The Hospital Emergency Room & Autism Spectrum Disorder

A practical guide for health professionals to meet the needs of individuals with Autism Spectrum Disorders.

Understanding Autism Spectrum Disorder

Autism Spectrum Disorder (ASD) is a lifelong neurological disability that affects a person’s ability to communicate, understand language, and socially interact with others. The first signs of ASD usually appear as developmental delays before age three.

Every person with ASD is different. However, there are some common characteristics of individuals with ASD that may occur:

• Difficulty using and understanding language.

• Difficulty using social skills and navigating social situations.

• Over or under sensitivity to sound, sight, taste, touch, smell or internal sensations.

• Repetitive behaviors such as spinning or lining up objects, moving or talking in a repetitive way, or echoing other people’s speech.

• Difficulty with changes to surroundings or routines.

• Challenging behaviors such as aggression or self-injury and difficulty regulating emotions.

What Healthcare Providers Need to Know About Patients with Autism Spectrum Disorder

Caregivers of individuals with ASD learn early how to anticipate and manage a crisis. But when the crisis involves emergency medical services or a trip to an emergency room, it often takes a well informed treatment team and caregivers to keep the situation under control. The sights, sounds, smells, and accelerated pace of emergency services can overwhelm the senses of an individual with ASD. The following suggestions are prepared for emergency treatment teams, hospital clinicians, and the caregivers of individuals with ASD.

Decrease Wait Time, Whenever Possible

• Recognize that simply entering a noisy, crowded waiting room may trigger acute anxiety and challenging behaviors in individuals with ASD; accompany the primary caregiver and individual to a quiet room for initial assessment and registration.

• If the triage nurse determines the individual will need to wait to see a physician, provide a quiet place, whenever possible.

• Assess and perform procedures as soon as possible to reduce or eliminate wait time.

• If transporting to another area in the hospital, allow a primary caregiver to accompany the individual.

• Utilize hospital resources; some ER departments employ a Child Life Specialist whose job it is to help put young patients at ease, to reduce anxiety or distract an individual’s attention during a procedure.

Treatment Team: Let the Caregiver Be Your Guide to Success

• Always ask about the individual’s primary form of communication.

• If unable to speak, make sure the individual has as method of communication familiar to them, such as a paper and pencil, pictures, gestures, or a communication device.

• Ask the caregiver what has worked in the past during medical visits.

• Ask about sensitivities to light, sound, touch, and smell.

• Assess response to pain; many individuals may either have a low or high tolerance to pain and may not feel typical sensations of heat or cold.

• Be aware that some individuals will be attracted to shiny or novel objects and may reach for or grab medical instruments.

• Inquire about previous emergency situations and what worked to decrease anxiety and calm the individual. If the individual has a special interest, talking about this may help the individual to feel more at ease.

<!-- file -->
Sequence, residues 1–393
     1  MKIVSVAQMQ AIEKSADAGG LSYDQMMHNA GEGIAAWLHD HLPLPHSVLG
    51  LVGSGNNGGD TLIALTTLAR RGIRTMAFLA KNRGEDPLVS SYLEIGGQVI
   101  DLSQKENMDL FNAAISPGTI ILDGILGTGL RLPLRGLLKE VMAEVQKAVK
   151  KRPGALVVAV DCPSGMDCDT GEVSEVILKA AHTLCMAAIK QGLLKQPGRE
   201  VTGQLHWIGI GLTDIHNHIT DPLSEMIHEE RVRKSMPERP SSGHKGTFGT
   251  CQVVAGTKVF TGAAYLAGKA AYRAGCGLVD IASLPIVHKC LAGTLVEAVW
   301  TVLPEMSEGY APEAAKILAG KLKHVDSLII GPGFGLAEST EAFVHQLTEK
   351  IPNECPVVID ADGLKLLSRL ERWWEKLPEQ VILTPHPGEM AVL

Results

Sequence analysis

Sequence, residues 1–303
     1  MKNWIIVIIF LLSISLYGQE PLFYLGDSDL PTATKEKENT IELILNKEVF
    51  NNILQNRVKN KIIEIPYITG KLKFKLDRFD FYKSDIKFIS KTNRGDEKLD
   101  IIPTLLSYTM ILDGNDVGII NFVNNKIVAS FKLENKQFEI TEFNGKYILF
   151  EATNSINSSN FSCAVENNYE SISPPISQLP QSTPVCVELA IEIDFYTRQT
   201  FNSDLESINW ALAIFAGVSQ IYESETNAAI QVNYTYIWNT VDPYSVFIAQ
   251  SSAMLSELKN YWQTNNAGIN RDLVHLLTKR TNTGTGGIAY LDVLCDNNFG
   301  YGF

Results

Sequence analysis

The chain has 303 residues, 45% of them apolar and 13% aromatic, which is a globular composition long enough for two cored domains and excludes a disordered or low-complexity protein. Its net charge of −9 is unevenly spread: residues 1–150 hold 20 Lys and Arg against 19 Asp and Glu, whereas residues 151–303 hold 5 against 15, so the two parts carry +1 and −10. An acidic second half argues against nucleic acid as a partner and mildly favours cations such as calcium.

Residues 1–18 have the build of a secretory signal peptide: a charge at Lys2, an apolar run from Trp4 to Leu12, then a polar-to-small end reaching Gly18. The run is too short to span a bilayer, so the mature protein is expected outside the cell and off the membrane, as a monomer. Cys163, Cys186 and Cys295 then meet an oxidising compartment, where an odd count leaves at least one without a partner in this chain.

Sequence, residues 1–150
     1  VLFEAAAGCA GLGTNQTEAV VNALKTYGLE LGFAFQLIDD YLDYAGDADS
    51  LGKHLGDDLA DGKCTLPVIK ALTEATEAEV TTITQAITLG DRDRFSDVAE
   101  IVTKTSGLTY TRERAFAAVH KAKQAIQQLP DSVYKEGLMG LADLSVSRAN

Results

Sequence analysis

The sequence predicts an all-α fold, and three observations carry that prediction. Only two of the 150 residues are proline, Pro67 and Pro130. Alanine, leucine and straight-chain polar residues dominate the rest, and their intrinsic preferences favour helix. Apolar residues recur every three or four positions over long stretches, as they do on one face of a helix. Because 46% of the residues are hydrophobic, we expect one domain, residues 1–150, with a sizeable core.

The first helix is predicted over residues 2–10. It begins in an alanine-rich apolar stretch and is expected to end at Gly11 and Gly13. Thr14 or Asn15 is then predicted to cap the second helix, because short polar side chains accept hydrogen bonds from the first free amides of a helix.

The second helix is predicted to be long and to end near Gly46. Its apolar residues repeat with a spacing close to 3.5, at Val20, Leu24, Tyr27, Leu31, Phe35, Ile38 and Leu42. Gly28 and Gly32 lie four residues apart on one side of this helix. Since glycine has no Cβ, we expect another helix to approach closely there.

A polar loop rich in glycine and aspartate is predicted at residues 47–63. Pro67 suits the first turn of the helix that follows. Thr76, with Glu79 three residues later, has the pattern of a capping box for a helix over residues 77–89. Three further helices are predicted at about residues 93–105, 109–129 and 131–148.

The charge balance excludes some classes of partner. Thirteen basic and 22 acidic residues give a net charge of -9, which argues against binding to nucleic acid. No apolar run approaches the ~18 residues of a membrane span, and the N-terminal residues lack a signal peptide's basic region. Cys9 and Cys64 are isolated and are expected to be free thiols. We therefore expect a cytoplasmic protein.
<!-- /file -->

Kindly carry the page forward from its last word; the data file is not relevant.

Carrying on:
• Remember, caregivers of children with autism are under tremendous stress in daily life; monitor the caregivers’ stress levels and respect individual methods of coping

Modify the Physical Environment

• Move individual and caregiver to a private exam and treatment area, if possible.

• Dim overhead lighting if necessary.

• Replace paper gowns and paper covering on exam table with cloth.

• Anticipate resistance if the individual needs to be in a reclined position.

• Be aware that there may be a fight-or-flight response to any emergency situation; arrange the exam room and treatment area to help motivate the individual to stay in the room

• Monitor the patient continuously for signs of overstimulation.

Model a Caring Attitude for the Treatment Team

• Move slowly to the patient’s level to communicate.

• Give praise and encouragement.

• Use calming body language and give the patient extra personal space.

• Whenever possible, prepare the team to work from the floor, the caregiver’s lap, or wherever the patient feels comfortable.

• Use a quiet, calm voice and minimize words and touch.

• Speak slowly in simple, non-medical phrases and pause between requests.

• Using a neutral tone of voice, tell the caregiver and patient everything the medical team is going to do right before they do it.

• Allow extra time for response.

• Expect minimal eye contact.

• Allow the patient to touch and hold equipment whenever possible.

• If the patient is a child, use a toy doll, stuffed animal, or pictures to demonstrate a medical procedure, whenever possible.

• If the patient is an adult, remember the individual may not be able to understand direct questions or give informed consent for treatment.

Reinforce Cooperative Behavior

• Provide rewards through praise and encouragement for all cooperative behavior.

• Ignore behaviors that appear different (unusual body movements, unexpected vocalizations, inappropriate words or comments).

• Use pictures to redirect attention and to show what will happen and what is expected.

Be Prepared, Be Proactive

• When senses are overloaded and anxiety escalates, an individual with ASD may respond with aggressive behaviors toward others, hospital equipment, or themselves.

• Behavior can include prolonged screaming, biting, scratching, dropping to the floor, dropping to the floor, and kicking, etc.

• Encourage caregivers to help redirect, reassure and restore calm to an escalating situation.

• Notify the treatment team to be prepared, and to gently and quietly assist as needed.